Estelle Blackburn is a Walkley Award-winning journalist who spent six years researching and writing the book Broken Lives, published in 1998.
Estelle’s self-funded work exposed an injustice which led to the 2002 and 2005 exonerations of two men convicted of Perth killings in the ’60s – the longest-standing convictions to be overturned in Australia. Her unfunded, determined sleuthing unearthed fresh evidence that prompted the Attorney General to allow the men new appeals after they had lost a combined total of seven Appeals in the ’60s.
Coming across the story by chance and persisting with it has turned Estelle’s life around. From a journalism career with The West Australian, the ABC and the Government Media Office, Estelle has become a crusader for justice.
Estelle’s latest book The End of Innocence tells her story of the years of research and writing Broken Lives, and was launched at the Sydney Writers Festival in 2007.
Her work for justice has won Estelle an array of awards including an Order of Australia Medal in the Queens Birthday Honours List, for community service through investigative journalism, a Churchill Fellowship, the prestigious national Walkley Award for the greatest contribution to the profession, and the Perth Press Club Award for sustained excellence in journalism.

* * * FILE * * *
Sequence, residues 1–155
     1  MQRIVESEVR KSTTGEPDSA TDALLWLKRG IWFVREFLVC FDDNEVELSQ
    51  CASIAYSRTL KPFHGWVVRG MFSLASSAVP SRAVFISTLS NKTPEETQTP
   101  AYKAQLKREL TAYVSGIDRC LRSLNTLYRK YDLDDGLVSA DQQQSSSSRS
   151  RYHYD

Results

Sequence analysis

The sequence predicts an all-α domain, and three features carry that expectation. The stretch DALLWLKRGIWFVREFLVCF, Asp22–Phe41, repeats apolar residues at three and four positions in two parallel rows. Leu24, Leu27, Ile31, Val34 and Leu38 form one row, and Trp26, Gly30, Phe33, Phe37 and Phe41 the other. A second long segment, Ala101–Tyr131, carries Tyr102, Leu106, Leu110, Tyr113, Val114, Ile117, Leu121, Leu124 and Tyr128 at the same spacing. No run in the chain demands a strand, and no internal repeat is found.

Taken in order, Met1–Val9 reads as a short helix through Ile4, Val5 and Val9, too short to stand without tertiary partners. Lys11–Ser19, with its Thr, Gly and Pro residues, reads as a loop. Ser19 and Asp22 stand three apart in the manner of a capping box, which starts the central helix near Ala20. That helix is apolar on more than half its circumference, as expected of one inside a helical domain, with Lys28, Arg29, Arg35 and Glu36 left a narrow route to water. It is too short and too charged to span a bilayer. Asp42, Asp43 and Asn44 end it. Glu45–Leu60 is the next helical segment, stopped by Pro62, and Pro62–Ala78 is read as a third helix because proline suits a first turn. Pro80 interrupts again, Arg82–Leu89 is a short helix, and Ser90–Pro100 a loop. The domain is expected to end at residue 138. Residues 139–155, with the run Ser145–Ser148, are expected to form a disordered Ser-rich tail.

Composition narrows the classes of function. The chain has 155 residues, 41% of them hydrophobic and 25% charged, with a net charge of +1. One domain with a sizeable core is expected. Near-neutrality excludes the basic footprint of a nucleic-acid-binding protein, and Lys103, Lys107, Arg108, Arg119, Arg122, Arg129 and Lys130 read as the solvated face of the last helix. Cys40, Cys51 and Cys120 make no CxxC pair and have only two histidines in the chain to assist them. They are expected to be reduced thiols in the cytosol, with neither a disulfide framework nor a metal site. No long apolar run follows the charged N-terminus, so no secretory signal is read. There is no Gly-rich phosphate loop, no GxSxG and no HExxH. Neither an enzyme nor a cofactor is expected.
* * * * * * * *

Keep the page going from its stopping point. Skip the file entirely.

Estelle has been included in the 25 Most Outstanding Western Australians, and won Western Australia’s Woman of the Year. She has been the subject of three one-hour episodes of the ABC’s Australian Story televised in 1998, 2002 and 2007, a 60 Minutes segment and an episode on the US Forensic Files program titled ‘Dueling Confessions’.